Prevention – Beyond Stranger Danger? Geoff Newiss Parents and Abducted Children Together (PACT)
Recommendation: “Examine the effectiveness of existing materials and programmes for schools and parents to keep children safe from abduction”
Police recorded child abduction 2011/12 Source: Newiss and Traynor (2013)
Beyond stranger danger: research Aims To establish if parents, teachers, police and other agencies are providing information and advice to children on stranger child abduction To explore what information and advice, if any, is provided to children To identify themes or issues in the content or delivery of information and advice
1973 ‘Strangers’ - part of the ‘Charley says’ series 1981 ‘Say no to strangers’ What is stranger danger? Strangers/non-strangers Don’t go Don’t talk to Don’t take things from…
Limitations: Poor differentiation Lack of consistency in practice (‘little old lady’) Can limit readiness to find help when children need it Can distract from the greater risk posed by people known to children. Can interfere with higher priority safety task of recognising dangerous situations and overcoming socialisation pressures.
Lures: • Simple lures (“would you like to go for a walk?”) • Authority lures (“your mother told me to come get you”) • Incentive lures (“I have some toys in my car…”) • Assistance lures (“can you help me carry these things to my car?”) • Conversation lures (“what is your name, how old are you?...”).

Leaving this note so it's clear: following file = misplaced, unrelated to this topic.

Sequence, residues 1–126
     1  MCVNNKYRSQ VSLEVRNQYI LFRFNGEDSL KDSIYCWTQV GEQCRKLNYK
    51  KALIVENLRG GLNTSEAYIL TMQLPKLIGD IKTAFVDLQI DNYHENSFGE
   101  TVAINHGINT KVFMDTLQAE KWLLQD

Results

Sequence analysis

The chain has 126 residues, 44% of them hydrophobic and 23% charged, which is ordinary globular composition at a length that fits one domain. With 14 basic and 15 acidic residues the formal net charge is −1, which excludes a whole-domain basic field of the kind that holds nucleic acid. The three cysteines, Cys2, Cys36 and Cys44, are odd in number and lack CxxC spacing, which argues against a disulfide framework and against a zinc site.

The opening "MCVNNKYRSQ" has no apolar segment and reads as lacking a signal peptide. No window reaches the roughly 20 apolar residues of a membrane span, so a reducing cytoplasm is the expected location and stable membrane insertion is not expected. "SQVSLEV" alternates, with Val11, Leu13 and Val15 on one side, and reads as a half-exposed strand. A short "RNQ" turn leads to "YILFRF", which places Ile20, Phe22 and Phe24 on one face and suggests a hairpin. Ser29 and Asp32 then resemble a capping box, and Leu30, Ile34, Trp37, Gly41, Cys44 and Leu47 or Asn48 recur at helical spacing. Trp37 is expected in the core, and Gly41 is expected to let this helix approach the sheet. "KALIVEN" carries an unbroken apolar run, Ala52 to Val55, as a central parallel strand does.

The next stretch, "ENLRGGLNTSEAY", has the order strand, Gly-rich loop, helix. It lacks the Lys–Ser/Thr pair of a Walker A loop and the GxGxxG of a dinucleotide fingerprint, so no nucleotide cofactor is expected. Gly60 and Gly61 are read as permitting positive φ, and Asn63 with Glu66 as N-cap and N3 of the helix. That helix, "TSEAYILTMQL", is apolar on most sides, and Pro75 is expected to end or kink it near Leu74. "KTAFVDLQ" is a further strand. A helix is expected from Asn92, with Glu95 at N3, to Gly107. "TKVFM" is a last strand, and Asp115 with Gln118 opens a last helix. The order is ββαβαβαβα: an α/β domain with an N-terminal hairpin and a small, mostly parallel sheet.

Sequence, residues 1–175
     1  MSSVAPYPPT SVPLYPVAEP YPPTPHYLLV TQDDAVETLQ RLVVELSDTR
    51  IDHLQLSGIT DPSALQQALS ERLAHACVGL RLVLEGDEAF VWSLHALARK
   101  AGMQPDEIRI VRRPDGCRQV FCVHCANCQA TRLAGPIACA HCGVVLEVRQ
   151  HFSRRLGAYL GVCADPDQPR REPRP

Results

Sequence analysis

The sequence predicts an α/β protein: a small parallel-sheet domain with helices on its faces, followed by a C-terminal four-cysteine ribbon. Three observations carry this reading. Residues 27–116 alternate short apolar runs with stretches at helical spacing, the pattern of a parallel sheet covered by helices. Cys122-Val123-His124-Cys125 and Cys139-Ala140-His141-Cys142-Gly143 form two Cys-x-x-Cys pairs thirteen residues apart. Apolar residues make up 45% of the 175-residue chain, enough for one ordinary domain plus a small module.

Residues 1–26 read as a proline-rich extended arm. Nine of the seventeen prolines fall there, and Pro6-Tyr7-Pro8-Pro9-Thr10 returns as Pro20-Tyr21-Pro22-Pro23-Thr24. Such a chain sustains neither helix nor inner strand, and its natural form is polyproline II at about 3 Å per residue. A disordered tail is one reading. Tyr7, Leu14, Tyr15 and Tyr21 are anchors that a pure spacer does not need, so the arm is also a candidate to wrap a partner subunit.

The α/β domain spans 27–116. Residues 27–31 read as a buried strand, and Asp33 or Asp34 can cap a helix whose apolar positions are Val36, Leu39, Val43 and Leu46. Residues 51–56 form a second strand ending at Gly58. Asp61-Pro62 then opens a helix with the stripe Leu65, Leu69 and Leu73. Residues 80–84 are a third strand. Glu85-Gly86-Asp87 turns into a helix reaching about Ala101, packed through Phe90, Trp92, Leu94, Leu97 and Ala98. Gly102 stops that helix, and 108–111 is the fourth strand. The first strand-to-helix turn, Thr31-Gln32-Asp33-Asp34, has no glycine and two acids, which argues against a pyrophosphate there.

Verbal (YELL) • Motor (RUN) • Reporting (TELL) Behavioural skills training “involving some combination of instructions, modelling, rehearsal, praise and corrective feedback” is generally effective in helping children to acquire abduction avoidance behaviour (Miltenbergerand Olsen, 1996) Three critical response behaviours: Self-esteem and confidence
Parents (n=12 + 6 on social network site) “statistically it is family members that post more of a risk to kids than strangers.” “I know the schools teach children not to talk to strangers but I don’t agree with that, I think that makes for a very unfriendly world.” “I believe it is important for them to be confident to talk to strangers.” “I told my daughter…most grown-ups are really nice, but there are a few people who aren’t. She asked if I meant kidnappers and I think I responded ‘yes, kind of’. She didn’t seem overly bothered by what I said, but I feel I could have perhaps explained it better!”
Schools (10 responses) Mixed provision: proactive, reactive, none at all. Internet safety priority Lack of resources: “We have recently had good reason to speak to all of the children about stranger danger but struggled to find helpful support materials which balanced getting the message across without scaring them all”.
Police and PCSOs (3 force areas) Mainly PCSO provision on ad hoc basis – relationship with schools important Lack of training and resources: “There is no package on abduction safety or ‘stranger danger’ – you just sort of make it up as you go along. I suppose it’s common sense.”
Voluntary sector and online Staying safe from strangers integrated with other subjects Generic strategies: confidence, assertiveness Local/regional delivery, school programmes, information resources
KEY ISSUES Too often reactive ‘stranger danger’ New Beyond ‘stranger danger’ theme needed e.g. Safe, not scared Lack of teaching materials Resourcing ‘gold standard’ prevention – Behavioural Skills Training Integration with other safety subjects and generic approaches to child safety Evidence and effectiveness Broader prevention strategies